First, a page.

Losing weight has been the most discussed topic in the world of health and fitness for a long time. Almost everyone at some point in their life finds themselves wanting to lose a little body fat, or drop a few pounds. In today’s society, it seems people are always scouring the internet for “weight loss secrets” or “tips and tricks for losing weight”. Everyone wants to lose weight fast and they want it to be easy. Many people try fad diets that don’t work, or start eating and drinking weird foods and supplements, thinking it will magically shrink their waist. This isn’t to say that all diets and supplements are ineffective, but many of them aren’t necessary and some are actually detrimental to your health. So just what is the secret to healthy eating and losing weight? I believe the best strategies for dieting are based around fundamental concepts. These concepts are my keys to dieting success.
The dieting question that people ask me the most is “what do you eat?” Typically they are expecting me to spew out some strict meal plan, but I usually reply with “healthy food,” which leads to the follow up question “what do you consider healthy?” As soon as I start listing off healthy foods, “broccoli, oats, beans, apples, etc.” people realize they already know that the foods that I’m listing are healthy. So why did they ask in the first place? They thought that I had some special meal plan that takes years of research to come up with. When in reality, I mostly eat foods that everyone already knows to be good for you. You don’t need me to tell you that vegetables are good and candy is bad. It’s common sense. People need to realize that making healthy food choices doesn’t require a degree in nutrition. However, not all common sense is created equal. Something that’s obvious to me may not be obvious to someone else, which brings us to the next key to success.
No you don’t need formal education in nutrition, but having nutritional knowledge is definitely a plus. The more you know, the better. If you are ever curious about something or feel you should know more about a certain topic, research it. Educate yourself.
While common sense can answer a lot of questions, some things aren’t so obvious. Let’s use peanuts as an example. You know that peanuts have vitamins, minerals, and protein, but they also have a lot of fat, and you have always been told that fat is bad. So are peanuts good for you or bad for you? If you do the research, you’ll find that most of the fat in peanuts is healthy fat and that you just need to be careful about eating too many because while they are a healthy food, they do contain a lot of calories due to the fat content.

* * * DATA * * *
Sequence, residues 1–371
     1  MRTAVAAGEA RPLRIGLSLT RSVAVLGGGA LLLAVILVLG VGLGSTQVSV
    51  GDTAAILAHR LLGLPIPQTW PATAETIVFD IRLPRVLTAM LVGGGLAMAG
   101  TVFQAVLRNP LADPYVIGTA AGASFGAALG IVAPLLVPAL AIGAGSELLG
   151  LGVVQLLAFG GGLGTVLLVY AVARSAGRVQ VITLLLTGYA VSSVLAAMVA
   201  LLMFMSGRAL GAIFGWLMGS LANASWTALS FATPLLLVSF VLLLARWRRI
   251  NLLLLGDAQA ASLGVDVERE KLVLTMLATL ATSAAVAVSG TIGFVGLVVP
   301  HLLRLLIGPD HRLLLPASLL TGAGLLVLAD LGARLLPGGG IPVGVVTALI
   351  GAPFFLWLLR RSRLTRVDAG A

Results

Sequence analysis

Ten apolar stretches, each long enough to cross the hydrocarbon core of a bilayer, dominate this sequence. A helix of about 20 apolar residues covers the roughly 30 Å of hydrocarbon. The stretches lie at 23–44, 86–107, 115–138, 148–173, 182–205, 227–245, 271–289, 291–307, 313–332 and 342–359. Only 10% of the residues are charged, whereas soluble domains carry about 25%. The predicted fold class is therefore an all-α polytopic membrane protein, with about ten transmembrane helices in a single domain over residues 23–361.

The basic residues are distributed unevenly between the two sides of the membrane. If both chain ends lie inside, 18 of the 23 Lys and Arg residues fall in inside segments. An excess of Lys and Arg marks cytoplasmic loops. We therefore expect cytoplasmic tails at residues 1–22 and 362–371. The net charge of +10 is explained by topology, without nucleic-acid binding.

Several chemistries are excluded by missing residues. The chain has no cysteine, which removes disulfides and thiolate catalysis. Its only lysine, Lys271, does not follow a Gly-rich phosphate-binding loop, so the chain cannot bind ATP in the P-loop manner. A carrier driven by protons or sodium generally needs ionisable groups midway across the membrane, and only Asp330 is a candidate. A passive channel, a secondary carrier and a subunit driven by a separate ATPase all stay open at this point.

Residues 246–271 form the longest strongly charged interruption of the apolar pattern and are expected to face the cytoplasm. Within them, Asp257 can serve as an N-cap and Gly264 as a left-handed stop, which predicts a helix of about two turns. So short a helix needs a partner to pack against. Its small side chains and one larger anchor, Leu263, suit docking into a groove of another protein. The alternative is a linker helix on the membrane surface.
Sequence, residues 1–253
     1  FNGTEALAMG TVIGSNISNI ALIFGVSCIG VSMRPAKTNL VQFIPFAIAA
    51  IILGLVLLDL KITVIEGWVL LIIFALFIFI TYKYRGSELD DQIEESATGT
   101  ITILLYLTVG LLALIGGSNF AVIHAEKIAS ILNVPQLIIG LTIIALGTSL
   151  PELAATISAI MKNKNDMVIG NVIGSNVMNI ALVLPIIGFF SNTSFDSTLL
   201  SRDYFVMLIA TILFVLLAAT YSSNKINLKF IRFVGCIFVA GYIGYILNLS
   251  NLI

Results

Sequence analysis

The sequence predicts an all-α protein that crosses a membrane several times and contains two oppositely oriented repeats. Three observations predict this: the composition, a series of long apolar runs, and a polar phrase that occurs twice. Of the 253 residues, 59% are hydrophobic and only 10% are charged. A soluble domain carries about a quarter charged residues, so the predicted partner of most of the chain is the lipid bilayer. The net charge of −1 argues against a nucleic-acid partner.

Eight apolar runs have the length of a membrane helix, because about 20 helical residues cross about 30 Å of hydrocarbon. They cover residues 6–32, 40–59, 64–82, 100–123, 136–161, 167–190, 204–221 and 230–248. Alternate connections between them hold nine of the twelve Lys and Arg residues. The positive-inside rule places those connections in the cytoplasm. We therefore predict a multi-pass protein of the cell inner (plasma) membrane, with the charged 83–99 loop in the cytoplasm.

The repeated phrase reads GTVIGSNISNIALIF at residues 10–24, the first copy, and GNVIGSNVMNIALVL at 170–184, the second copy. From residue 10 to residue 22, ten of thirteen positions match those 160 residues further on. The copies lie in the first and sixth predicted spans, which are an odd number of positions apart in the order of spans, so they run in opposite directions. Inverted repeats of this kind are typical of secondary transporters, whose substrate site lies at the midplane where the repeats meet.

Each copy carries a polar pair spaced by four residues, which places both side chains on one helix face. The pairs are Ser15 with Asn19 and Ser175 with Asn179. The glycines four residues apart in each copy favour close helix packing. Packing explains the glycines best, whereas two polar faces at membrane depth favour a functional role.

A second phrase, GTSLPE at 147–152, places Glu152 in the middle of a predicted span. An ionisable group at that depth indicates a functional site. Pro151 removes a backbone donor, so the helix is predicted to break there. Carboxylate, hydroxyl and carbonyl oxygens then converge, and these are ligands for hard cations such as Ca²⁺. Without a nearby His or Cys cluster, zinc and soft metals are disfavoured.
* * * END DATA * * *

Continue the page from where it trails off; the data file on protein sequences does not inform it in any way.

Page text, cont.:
The big disclaimer here is to be careful about where you get your information. Typically, if you want to learn about something, you will look on the internet or ask someone you know for answers. Very few people actually contact a certified dietician for their nutrition questions, and that’s okay. Just make sure your source is reputable, and always cross check your facts with other sources to be sure.
(P.S. If you're looking to learn more about nutrition in general, I highly recommend you check out NutritionFacts.org. They make very informative and well put together videos.)
The last key to dieting success is self-discipline. You could know everything there is to know about nutrition and dieting, but without self-discipline it wouldn’t matter. You need to have the self-discipline to stick to your diet, the strength to not give in to temptation (an occasional cheat meal isn’t a huge deal, just don’t make it a habit), and the patience to see the results through. In my opinion, self-discipline is the most important key. Most people have the common sense and knowledge to maintain a healthy diet, but so many people lack the self-discipline to consistently make good dieting choices.
If you can implement these concepts in your endeavors, you too can achieve dieting success.